I talked to Rob Matson and Marc Fries tonight and asked them if it would be ok to publish their maps and models on my site. I told them I felt it was critical to get all of the information we have out to the public as finding this meteor would require a lot of foot soldiers on the ground. They agreed publishing the data was the best way to find the meteorites. Its 3AM in the morning now and it will take me some time to put the maps and information online. You can expect this in tomorrow’s update.

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4 Comments for this entry

  • Dion

    Sounds like yesterday turned out good

  • John Divelbiss

    Mike,

    Nice job with the website updates and thank you for your efforts to help keep us and others looking for this sensational fall. The combination of the brilliant fireball and tremendous sonic boom is a story in itself. Videos then lead us towards finding it with science telling us where it is…that would be a great story. We also have your insane photo and its’ contribution.

    You mentioned I was a meteorite hunter…Not sure about that, but maybe with time. I’ve been a rock hound all my life, and a meteorite collector for almost 10 years. I’m always on the look out for meteorites. Still looking for find #1. This is my first real hunt.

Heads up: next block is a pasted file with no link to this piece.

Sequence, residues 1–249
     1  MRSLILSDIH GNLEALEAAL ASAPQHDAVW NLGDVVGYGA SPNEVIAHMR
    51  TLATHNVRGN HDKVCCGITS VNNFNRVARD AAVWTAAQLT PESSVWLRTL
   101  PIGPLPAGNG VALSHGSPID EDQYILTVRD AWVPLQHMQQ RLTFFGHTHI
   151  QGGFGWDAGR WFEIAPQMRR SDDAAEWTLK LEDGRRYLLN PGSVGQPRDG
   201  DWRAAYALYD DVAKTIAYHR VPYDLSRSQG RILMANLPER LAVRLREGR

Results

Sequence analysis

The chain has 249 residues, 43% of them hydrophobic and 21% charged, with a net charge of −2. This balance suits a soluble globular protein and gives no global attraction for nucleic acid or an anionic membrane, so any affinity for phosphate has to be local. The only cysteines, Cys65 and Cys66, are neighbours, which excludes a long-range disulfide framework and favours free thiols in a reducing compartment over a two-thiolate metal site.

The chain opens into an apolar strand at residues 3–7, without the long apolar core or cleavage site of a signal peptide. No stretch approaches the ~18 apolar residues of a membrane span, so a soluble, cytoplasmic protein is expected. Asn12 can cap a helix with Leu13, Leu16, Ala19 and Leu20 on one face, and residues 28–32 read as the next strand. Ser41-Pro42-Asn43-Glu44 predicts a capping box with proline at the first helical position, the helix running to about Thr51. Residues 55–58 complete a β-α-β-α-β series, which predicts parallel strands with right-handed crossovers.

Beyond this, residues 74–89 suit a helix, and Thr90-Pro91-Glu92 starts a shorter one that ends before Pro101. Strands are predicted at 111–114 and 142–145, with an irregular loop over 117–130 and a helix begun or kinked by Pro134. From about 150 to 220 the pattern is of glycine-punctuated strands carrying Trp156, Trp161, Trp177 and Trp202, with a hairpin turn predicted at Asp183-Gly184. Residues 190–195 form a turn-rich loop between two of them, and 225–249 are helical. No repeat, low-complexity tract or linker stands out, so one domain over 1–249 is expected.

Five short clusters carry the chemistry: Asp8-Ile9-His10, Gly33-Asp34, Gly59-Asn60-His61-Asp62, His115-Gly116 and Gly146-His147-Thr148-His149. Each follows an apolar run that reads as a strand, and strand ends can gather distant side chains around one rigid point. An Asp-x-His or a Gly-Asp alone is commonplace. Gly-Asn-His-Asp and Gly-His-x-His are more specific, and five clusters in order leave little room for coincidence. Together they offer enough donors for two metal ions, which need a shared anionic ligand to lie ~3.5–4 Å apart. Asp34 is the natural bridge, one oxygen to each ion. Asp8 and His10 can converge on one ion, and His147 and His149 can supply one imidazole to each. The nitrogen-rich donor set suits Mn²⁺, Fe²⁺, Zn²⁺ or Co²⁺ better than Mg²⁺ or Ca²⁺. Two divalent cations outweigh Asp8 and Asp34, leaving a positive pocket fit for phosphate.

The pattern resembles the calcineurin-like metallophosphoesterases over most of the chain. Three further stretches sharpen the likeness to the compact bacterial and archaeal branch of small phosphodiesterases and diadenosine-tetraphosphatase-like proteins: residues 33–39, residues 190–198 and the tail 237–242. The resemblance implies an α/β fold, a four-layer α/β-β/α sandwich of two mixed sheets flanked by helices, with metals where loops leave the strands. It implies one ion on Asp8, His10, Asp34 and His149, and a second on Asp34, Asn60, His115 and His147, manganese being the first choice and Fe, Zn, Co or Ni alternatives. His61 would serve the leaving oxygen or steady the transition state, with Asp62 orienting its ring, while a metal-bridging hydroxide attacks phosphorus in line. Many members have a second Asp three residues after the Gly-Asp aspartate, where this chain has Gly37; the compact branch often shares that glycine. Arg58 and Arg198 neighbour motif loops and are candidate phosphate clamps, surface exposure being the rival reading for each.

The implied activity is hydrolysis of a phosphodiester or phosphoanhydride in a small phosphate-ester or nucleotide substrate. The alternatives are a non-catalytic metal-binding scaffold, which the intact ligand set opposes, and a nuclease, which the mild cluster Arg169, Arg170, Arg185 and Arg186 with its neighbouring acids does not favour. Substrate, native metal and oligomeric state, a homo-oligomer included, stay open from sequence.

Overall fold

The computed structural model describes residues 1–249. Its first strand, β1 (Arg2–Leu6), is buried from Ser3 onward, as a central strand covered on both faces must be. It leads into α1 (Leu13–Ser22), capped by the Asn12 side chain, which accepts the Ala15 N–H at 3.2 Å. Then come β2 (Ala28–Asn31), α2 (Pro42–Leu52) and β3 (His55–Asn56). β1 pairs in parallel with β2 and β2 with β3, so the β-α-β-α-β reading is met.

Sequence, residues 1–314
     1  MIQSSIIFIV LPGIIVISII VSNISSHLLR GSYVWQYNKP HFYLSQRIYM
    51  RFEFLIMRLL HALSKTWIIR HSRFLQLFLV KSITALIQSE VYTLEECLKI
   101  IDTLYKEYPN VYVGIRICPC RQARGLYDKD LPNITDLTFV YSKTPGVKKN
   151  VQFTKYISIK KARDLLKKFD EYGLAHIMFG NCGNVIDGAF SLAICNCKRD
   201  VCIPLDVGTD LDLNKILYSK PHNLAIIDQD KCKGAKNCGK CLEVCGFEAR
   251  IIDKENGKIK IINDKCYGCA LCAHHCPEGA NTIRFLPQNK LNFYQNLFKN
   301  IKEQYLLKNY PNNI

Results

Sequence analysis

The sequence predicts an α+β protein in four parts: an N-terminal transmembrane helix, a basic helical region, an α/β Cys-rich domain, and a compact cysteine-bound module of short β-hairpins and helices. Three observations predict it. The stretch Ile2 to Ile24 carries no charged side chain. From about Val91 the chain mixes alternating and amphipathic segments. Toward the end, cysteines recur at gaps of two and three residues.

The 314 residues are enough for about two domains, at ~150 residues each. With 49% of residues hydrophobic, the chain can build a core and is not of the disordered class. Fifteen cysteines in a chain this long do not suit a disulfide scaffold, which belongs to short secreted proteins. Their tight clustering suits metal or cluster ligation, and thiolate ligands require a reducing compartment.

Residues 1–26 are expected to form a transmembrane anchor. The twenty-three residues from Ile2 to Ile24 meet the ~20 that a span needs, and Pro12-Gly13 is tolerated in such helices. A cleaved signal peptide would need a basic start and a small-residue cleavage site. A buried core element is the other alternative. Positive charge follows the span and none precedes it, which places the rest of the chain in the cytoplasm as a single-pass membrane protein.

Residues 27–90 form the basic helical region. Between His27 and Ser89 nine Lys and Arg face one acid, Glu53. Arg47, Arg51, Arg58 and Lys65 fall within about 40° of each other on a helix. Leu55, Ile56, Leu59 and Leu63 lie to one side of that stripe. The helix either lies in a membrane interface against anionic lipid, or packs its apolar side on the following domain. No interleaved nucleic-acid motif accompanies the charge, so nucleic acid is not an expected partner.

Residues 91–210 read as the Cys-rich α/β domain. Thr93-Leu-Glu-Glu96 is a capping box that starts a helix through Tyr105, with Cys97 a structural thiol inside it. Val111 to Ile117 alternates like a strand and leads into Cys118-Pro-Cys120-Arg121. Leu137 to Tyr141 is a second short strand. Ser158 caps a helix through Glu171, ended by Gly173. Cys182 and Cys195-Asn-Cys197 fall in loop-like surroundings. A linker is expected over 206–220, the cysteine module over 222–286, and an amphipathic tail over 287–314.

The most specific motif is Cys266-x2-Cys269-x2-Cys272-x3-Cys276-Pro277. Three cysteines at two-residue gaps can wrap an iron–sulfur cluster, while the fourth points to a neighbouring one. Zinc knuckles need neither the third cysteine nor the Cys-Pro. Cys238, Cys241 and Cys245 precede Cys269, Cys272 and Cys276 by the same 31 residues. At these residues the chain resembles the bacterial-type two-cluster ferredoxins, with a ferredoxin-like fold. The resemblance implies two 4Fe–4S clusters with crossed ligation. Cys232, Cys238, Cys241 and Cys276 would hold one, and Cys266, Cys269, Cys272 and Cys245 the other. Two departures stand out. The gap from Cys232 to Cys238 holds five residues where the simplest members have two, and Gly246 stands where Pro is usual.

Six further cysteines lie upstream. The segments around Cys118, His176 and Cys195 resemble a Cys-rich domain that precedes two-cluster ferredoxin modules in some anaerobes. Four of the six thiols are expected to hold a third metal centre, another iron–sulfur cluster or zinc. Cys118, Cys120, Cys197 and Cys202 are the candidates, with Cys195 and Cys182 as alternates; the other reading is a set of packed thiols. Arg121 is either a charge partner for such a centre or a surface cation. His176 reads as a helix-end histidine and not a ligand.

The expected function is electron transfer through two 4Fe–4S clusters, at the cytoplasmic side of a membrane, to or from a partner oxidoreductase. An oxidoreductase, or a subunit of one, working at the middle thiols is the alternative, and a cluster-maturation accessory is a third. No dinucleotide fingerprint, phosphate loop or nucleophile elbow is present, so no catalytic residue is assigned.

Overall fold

With that said, if nothing is found and we all slowly fade away from our searching, I will always cherish this chase and the excitement it brought. I have a new level of appreciation for those who do this on a regular basis. It takes effort for sure. Finding the first piece from a new fall is obviously the key, with no matter to me as to who finds this one. I hope it is an Amish person. Once found, the real hunt begins for many others.

    Bottom line, meteorite hunting in a particular area must be a lot easier (mentally) I imagine if you know other specimens have been found before. Or maybe it actually becomes more frustrating if you in turn can’t find one yourself, where previously found??

    Belief in the model’s predictions for this one is our only hope at this point to continue to spread the news and search. Let’s give it our best shot this fall !

    John

  • Marc Fries

    LOL! Marc Fries does NOT think a 10,000g meteorite landed right there! I used a range of masses for my estimated strewn field from 10,000 to 0.1g in 10x increments to define the end points of a potential strewn field. That doesn’t mean there is actually a 10 kg meteorite there. I’d focus on the 1kg-100g regions of the map, which is a far more likely range of values.

  • Marc Fries

    …and I definitely don’t think there is a 10kg meteorite embedded in the windshield frame of your automobile! ;-)